Given the very limited scale of the excavations and the level of damage that the site had suffered both from the bulldozer and the plough, the results were very good. Although the ditch was partially truncated in this trench several centimetres of the turf rampart had survived intact despite having modern tracks impressed into the surface. It was clear that the base of the rampart comprised turf laid down, turf-to-turf, on the old ground surface; the area behind the rampart in the interior of the enclosure had been stripped, presumably as a source for rampart material. There was no significant berm between the rampart and the ditch and the back of the rampart had been sealed at the base by a layer of eroded turf material.
Figure 8: Part of the section through the turf rampart showing a probable turf interface and large amounts of rampart fragments in the ploughsoil (Scale 20cms).
Having seen the level of damage in area 517AA, the survival of this in-situ fragment of the rampart is remarkable, particularly since the auger transects indicated that this surviving fragment of rampart may only extend for a few metres. As in 517AA, there was no indication that the rampart had incorporated stone revetting, and the very narrow trench was too narrow (with only a one metre segment of the rampart base removed) to provide good evidence as to whether the rampart had incorporated timbering. This question could only be determined through larger trenches than was possible or reasonable within the constraints of this year’s excavation.
Whilst the recognition of the base of the rampart was exciting, the ditch section here was both exceptional and remarkable (Figure 9). Very rarely does one see a textbook quality ditch section which gives up its story so we can clearly explain the stratigraphic sequence of filling that is fundamental to all archaeological interpretation. Beneath the 1961 backfill (this included a fragment of natural, bulldozed from the edge of the ditch), the turf survived, and for a few moments was still green before it was affected by the atmosphere; this lay on top of a layer of peat beneath which three further turf lines were visible reflecting a number of drier phases as the ditch had slowly filled. Beneath these organically rich layers, primary and secondary silting run through by a layer of iron-pan indicate that the ditch may have been cleaned out or re-cut on no more than 3 occasions, within a relatively short period. The base of the ditch both in this trench and in 517AC was flat where it reached the surface of bedrock, which, despite the visibility of the grykes in the geophysical survey, was sealed by c.1m of mixed glacially derived clays and gravel.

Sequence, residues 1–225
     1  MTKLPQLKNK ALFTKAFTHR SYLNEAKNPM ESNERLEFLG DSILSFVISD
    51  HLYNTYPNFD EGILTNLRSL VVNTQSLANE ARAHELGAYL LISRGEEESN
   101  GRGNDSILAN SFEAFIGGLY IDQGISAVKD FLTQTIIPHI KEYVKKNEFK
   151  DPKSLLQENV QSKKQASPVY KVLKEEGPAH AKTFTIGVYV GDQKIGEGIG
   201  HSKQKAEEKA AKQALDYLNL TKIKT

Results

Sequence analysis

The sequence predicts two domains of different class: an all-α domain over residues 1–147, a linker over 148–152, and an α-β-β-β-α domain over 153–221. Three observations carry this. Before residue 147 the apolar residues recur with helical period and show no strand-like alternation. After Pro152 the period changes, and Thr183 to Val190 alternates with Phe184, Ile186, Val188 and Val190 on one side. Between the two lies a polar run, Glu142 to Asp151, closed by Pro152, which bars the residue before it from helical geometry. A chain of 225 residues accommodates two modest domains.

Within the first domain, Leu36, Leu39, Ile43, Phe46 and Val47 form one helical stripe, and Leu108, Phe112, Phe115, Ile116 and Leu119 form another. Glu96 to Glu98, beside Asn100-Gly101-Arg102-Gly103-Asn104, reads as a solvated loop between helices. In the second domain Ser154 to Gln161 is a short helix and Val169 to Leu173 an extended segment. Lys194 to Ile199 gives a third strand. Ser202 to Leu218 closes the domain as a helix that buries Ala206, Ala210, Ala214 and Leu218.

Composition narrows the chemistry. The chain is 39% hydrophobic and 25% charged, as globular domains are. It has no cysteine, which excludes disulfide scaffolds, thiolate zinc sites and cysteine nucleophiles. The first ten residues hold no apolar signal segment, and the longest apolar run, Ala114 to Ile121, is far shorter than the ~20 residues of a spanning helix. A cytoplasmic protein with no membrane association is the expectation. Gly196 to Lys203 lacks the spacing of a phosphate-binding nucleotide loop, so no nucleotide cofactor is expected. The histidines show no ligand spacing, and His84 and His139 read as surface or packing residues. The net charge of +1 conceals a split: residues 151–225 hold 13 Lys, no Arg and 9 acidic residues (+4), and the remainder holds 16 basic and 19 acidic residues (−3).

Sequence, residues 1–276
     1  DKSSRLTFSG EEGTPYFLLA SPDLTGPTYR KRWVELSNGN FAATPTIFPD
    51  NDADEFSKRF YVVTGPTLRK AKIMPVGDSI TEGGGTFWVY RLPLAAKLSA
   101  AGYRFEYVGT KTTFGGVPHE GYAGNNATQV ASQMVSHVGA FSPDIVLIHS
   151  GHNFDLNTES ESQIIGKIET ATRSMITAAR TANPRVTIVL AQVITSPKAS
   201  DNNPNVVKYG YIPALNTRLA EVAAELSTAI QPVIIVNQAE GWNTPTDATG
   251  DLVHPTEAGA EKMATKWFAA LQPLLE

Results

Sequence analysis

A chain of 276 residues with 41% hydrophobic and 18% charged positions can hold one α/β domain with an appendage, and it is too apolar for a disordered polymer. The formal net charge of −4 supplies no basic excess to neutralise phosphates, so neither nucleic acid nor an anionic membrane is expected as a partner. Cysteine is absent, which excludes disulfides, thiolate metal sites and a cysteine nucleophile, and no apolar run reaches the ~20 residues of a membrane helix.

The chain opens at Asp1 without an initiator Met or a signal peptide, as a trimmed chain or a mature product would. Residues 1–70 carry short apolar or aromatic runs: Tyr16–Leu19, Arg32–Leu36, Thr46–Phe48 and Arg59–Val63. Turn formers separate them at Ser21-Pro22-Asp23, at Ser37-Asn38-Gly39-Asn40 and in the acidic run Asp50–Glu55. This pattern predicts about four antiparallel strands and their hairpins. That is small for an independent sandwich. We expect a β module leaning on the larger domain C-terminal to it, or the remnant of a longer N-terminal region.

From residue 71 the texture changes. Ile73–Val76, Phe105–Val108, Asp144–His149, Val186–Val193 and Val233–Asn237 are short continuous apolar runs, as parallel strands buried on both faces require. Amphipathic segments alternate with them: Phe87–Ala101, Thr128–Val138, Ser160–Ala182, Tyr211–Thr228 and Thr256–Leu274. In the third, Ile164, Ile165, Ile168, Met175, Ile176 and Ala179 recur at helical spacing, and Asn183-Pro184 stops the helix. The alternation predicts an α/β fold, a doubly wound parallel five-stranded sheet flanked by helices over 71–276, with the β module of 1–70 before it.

Figure 9: Excavated ditch section in trench 517AB
About a metre beyond the outside edge of the ditch, a small slot (measuring c30cm wide and 20 cm deep and cut at an angle to the line of the ditch) or probable fence trench was clearly visible after initial cleaning. Although of archaeological origin the feature produced no finds and remains undated. It may have held a fence, blocking a gap in the eroded defences to constrain sheep during the last two or three centuries rather than be of prehistoric origin, and it was not visible as a feature in the geophysical survey results.